As it turns out, it is possible to make a 3D-printed punch and die set that will stand up to repeated use in a press brake. [Phil Vickery] decided to push the tooling envelope to test this, and came away pleasantly surprised by the results. In fairness, the die he used ended up being more of a composite between the carbon-fiber nylon filament and some embedded metal to reinforce stress points in the die block. It looks like the punch is just plastic, though, and both were printed on a Markforged Mark 2, a printer specifically designed for high-strength parts. The punch and die set were strong enough to form 14-gauge sheet steel in a press brake, which is pretty impressive. The tool wasn’t used to cut the metal; the blanks were precut with a laser before heading to the press. But still, having any 3D-printed tool stand up to metal opens up possibilities for rapid prototyping and short production runs.

No matter what material you make your tooling out of, there’s a lot to know about bending metal. Check out the basics in our guide to the art and science of bending metal.

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Heated DryBox Banishes Filament Moisture for Under $20

There has been a lot of activity from [Richard Horne] regarding 3D printing filaments lately; most recently he has shared two useful designs for upping one’s filament storage and monitoring game. The first is for a DIY Heated DryBox for 3D printing filament. It keeps filament dry not just by sealing it into a plastic box with some desiccant, but by incorporating a mild and economical heater intended for reptile habitats inside. Desiccant is great, but a gently heated enclosure can do wonders for driving away humidity in the right environment. The DryBox design also incorporates a handy little temperature and humidity sensor to show how well things are working.

Spool-mounted adapter for temperature and humidity sensor (and desiccant) to monitor storage bag conditions.

The second design is a simple spin-off that we particularly liked: a 3D printed adapter that provides a way to conveniently mount one of the simple temperature and humidity sensors to a filament spool with a desiccant packet. This allows storing a filament spool in a clear plastic bag as usual, but provides a tidy way to monitor the conditions inside the bag at a glance. The designs for everything are on Thingiverse along with the parts for the Heated DryBox itself.

[Richard] kindly shares the magic words to search for on eBay for those seeking the build’s inexpensive key components: “15*28CM Adjustable Temperature Reptile Heating Heater Mat” and “Mini LCD Celsius Digital Thermometer Hygrometer Temperature Humidity Meter Gauge”. There are many vendors selling what are essentially the same parts with minor variations.

Since the DryBox is for dispensing filament as well as storing it, a good spool mounting system is necessary but [Richard] found that the lack of spool standardization made designing a reliable system difficult. He noted that having spool edges roll on bearings is a pretty good solution, but only if one doesn’t intend to use cardboard-sided spools, otherwise it creates troublesome cardboard fluff. In the end, [Richard] went with a fixed stand and 3D printable adapters for the spools themselves. He explains it all in the video, embedded below.

Continue reading “Heated DryBox Banishes Filament Moisture for Under $20”

Ingenious use of 3D Printer gives Simba the Mane he deserves

Here at Hackaday, we love clever 3D prints. This amazing lion statue remixed by [ _primoz_], makes us feel no different. It is no secret that FDM 3D printers have come a long way, propelled by the enthusiastic support from the open source community.

However, FDM 3D printers have some inherent limitations; some of which arise from a finite print nozzle diameter, tracing out the 3D object layer by layer. Simply put, some print geometries and dimensions are just unattainable. We discussed the solution to traditional FDM techniques being confined to Planer layers only in a previous article.

The case in point here is a 3D printed lion whose original version did not fully capture its majestic mane. [_primoz_] solution was to construct a support cylinder around the head and form the actual hair as a series of planar bristles, which were one extrusion wide.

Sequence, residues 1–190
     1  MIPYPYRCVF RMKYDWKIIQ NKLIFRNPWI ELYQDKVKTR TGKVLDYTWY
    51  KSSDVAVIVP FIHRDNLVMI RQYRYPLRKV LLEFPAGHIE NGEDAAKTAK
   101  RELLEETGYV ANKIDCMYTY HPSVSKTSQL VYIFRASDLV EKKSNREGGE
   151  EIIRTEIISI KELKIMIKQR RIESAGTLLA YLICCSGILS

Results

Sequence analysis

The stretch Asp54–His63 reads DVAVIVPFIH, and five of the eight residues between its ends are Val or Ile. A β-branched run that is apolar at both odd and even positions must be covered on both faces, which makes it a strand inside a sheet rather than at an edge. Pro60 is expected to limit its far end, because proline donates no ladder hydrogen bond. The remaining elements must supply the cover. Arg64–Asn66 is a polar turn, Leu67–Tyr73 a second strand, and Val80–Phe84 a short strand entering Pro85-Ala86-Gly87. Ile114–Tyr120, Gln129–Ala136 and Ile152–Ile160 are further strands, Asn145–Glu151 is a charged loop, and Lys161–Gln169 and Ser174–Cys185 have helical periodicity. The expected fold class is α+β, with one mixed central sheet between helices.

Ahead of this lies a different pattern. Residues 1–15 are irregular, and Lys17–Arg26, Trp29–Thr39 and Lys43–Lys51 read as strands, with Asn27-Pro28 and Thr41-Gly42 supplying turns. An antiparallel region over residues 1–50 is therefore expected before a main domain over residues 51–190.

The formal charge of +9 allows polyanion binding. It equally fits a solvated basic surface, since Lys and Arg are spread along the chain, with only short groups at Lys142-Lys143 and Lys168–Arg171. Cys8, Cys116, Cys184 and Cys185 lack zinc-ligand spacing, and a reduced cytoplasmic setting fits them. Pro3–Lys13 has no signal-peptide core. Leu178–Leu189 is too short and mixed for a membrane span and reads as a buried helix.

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This was followed by some simple post processing, where a heat gun was used to form the bristles into a dapper mane.

The result is rather glorious and we can’t wait for someone to fire up a dual extruder and bring out the flexible filament for this print!

[via Thingiverse]

Songbird, A Mostly 3D Printed Pistol That Appears To Actually Work

[Guy in a garage] has made a 3D printed gun that not only appears to fire in the direction pointed, it can also do it multiple times. Which, by the standard of 3D printed guns, is an astounding feat. He started with .22 rifle cartridges but has since upgraded and tested the gun with .357 rounds. The link above is a playlist which starts of with an in-depth explanation of the .22 version and moves through design iterations

This gun prints on a standard FDM printer. Other 3D printable guns such as the infamous Liberator or the 3D printed metal gun need more exotic or precise 3D printing to work effectively. The secret to this gun’s ability is the barrel, which can be printed in nylon for .22 cartridges, or in ABS plus a barrel liner for .22 and .357 caliber.

A barrel liner is one way to repair a gun that has aged and is no longer shooting properly. Simply put, it is a long hardened metal tube with rifling on the inside. Some guns come out of the factory with one, and a gunsmith simply has to remove the old one and replace it. Other guns need to be bored out before a liner can be installed.

The metal liner surrounded by plastic offers enough mechanical strength for repeat firings without anyone losing a hand or an eye; though we’re not sure if we recommend firing any 3D printed gun as it’s still risky business. It’s basically like old stories of wrapping a cracked cannon in twine. The metal tries to expand out under the force of firing, but the twine, which would seem like a terrible material for cannon making, is good in tension and when wrapped tightly offers more than enough strength to hold it all together.

This is also how he got the .357 version to work. The barrel slots into the gun frame and locates itself with a rounded end. However, with the higher energy from a .357 round, this rounded end would act as a wedge and split the 3D printed frame. The fix for this was simple. Glue it back together with ABS glue, and then wrap the end of the assembly with a cable tie.

This is the first 3D printed gun we’ve seen that doesn’t look like a fantastic way to instantly lose your hand. It’s a clever trick that took some knowledge of guns and gunsmithing to put together. Despite the inevitable ethical, moral, and political debate that will ensue as this sort of thing becomes more prevalent, it is a pretty solid hack and a sign that 3D printing is starting to work with more formidable engineering challenges.